Friday, November 11, 2011

Inside The Cab, Part II

As I wrote in my January 2011 post "Inside The Cab, Part I," I have to admit that, from my very early interest in trains, my goal was to find out what happens in the cab of a locomotive on point.

And since my concentrated interest in 1996, it didn't take me long before I was invited inside.

Luckily, my interest coincided with the transition of the purchase of Southern Pacific by the Union Pacific. All the engineers, at that time, had great loyalty to the "friendly SP" as opposed to UP. And trust me -- SP was infinitely more friendly than UP. Former SP or retired SP employees will unanimously agree.

My first invitation into a cab came when a train was halted in Gold Run and shoved into the eastern siding, waiting for Dispatcher 74 to clear them. Snow was all around. The lead unit was a battered UP SD-60. And I do mean battered.

I went home and snatched a plate full of just-out-of-the-oven chocolate chip cookies. Getting out of my car and trudging through about three feet of snow, I yelled up at the cab. The window slided open and I was invited into the cab -- for clear reasons.

I met an engineer whom I encountered many times on the road and has invited me into the cab for various rides since -- to the point where I was given the opportunity to operate the controls on a couple of very clandestine runs. Those were, frankly, the times of my doddering life, a few years ago. I think my age also helped: I'm not a kid (far from it) and I am customarily festooned with cameras.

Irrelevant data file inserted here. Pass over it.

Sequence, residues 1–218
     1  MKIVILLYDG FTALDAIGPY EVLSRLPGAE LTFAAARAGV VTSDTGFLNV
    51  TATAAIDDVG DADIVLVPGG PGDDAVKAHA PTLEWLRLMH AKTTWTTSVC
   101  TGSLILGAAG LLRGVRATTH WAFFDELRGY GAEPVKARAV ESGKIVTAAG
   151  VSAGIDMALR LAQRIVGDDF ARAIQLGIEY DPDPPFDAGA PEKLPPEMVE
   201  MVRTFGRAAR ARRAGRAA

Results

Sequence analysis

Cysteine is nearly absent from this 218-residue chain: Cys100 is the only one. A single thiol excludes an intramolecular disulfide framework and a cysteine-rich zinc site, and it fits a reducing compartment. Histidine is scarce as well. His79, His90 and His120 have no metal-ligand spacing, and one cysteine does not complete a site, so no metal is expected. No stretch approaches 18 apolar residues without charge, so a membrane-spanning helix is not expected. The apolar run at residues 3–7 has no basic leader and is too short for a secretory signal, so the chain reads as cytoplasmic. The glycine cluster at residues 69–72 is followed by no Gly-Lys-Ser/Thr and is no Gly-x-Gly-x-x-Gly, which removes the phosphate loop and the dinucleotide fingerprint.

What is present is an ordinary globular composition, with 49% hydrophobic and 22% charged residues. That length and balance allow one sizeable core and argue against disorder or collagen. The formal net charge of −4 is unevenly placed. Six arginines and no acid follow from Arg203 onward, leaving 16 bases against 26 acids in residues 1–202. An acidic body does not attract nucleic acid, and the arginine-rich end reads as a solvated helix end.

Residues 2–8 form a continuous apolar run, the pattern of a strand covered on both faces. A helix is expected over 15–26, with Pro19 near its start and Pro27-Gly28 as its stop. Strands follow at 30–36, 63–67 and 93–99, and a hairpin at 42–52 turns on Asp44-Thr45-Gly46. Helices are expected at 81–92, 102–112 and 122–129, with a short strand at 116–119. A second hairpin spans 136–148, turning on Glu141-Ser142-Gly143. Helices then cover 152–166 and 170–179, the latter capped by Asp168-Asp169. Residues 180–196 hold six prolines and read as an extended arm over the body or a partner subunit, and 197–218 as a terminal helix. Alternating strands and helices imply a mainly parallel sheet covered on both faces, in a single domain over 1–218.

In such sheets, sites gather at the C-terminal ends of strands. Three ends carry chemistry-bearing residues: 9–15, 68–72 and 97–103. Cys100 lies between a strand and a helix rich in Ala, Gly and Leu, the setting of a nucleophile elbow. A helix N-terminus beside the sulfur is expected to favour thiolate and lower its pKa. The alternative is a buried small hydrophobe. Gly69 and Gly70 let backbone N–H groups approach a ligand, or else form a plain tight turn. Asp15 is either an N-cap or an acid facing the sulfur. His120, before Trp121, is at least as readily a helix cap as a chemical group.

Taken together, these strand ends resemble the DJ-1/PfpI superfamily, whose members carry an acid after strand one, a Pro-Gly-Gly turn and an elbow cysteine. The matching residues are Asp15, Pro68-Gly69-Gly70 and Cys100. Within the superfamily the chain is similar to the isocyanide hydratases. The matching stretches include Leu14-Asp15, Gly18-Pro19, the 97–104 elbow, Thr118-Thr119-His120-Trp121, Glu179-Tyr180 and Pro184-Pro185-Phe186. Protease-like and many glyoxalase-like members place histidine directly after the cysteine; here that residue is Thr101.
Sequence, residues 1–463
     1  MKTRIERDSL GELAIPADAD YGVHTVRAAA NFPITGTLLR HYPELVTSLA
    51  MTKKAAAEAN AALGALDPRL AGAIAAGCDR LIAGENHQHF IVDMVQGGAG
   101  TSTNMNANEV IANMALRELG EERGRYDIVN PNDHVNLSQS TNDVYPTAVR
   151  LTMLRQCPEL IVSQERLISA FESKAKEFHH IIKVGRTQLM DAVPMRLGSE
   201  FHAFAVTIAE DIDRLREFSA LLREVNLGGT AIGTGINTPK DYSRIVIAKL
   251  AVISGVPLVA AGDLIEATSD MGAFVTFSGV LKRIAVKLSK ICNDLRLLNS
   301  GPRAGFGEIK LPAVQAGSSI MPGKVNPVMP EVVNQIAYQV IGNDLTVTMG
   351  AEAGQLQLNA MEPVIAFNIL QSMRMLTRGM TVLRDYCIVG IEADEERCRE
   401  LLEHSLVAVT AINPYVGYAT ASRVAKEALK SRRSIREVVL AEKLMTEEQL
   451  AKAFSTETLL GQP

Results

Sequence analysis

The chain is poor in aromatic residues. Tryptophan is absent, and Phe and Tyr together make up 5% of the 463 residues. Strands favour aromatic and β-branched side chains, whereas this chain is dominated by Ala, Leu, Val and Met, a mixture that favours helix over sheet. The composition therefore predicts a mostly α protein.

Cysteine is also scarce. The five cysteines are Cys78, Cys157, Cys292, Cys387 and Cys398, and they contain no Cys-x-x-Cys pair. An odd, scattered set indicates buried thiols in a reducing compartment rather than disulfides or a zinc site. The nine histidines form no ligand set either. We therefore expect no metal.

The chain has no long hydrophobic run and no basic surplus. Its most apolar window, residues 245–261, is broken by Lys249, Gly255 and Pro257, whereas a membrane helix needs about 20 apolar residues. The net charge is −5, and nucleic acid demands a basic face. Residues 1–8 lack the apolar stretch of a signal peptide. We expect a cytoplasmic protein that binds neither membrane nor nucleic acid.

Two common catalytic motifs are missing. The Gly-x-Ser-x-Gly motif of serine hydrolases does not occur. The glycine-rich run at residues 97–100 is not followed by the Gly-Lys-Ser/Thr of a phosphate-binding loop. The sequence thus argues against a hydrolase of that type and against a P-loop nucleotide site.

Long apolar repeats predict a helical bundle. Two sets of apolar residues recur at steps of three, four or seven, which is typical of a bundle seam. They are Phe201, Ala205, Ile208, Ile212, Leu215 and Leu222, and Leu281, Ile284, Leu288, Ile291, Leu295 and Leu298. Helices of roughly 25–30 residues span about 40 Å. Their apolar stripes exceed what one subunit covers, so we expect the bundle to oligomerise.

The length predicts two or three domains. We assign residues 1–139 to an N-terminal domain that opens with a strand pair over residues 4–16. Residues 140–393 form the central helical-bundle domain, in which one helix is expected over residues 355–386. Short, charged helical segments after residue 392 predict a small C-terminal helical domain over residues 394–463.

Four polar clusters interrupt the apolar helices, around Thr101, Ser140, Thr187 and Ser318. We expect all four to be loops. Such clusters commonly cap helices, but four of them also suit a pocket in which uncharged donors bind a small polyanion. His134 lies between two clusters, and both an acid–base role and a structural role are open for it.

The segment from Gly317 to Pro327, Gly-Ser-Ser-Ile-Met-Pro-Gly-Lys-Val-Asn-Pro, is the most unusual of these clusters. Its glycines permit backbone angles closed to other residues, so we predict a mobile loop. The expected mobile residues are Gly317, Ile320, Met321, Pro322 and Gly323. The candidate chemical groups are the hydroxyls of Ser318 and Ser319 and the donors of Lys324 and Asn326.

Because of my fascination and interest in the locomotive cab and what happens there, I'm on the lookout for interesting videos and photographs. I'll be posting a few photographs of myself in the cabs of locomotives [such as the one of me above, in Burlington Northern #8039, an EMD SD40-2 built in August of 1979 with 3,000-hp, stopped near Switch 9], and other interior shots -- of SD70Ms, SD60Ms, SD40T2s, SD90MACs, C44-9Ws and more. I'm currently on vacation in Ft. Bragg, California as I write this -- and don't have my terabyte external drive with me -- or I could post some of my cab photographs now.

In the meantime, please enjoy some YouTube videos of what it's like "inside the cab."

Engineer Jim works for Metra passenger rail:

What's it like inside an SD60M?

Here is a Canadian National recruitment video for conductors. Embedding has been disabled on YouTube by CN's request. It's interesting to note the inclusion of the controversial Belt-Pak, which has eliminated a number of jobs for yard engineers.

Here's how to make your SD40 travel faster:

Not everything works perfectly in the cab:

Here, it's time to drive an EMD F7 unit:

Nice (and very rare) cab ride in an Amtrak GE P42DC unit, with subject of the video sitting in the co-engineer's seat (not the primary engineer's seat). Because there are actual conductors aboard a passenger train, there are two qualified engineers in an Amtrak cab. The person sitting in what would customarily be the conductor's seat in a freight cab is called the co-engineer.

More to come!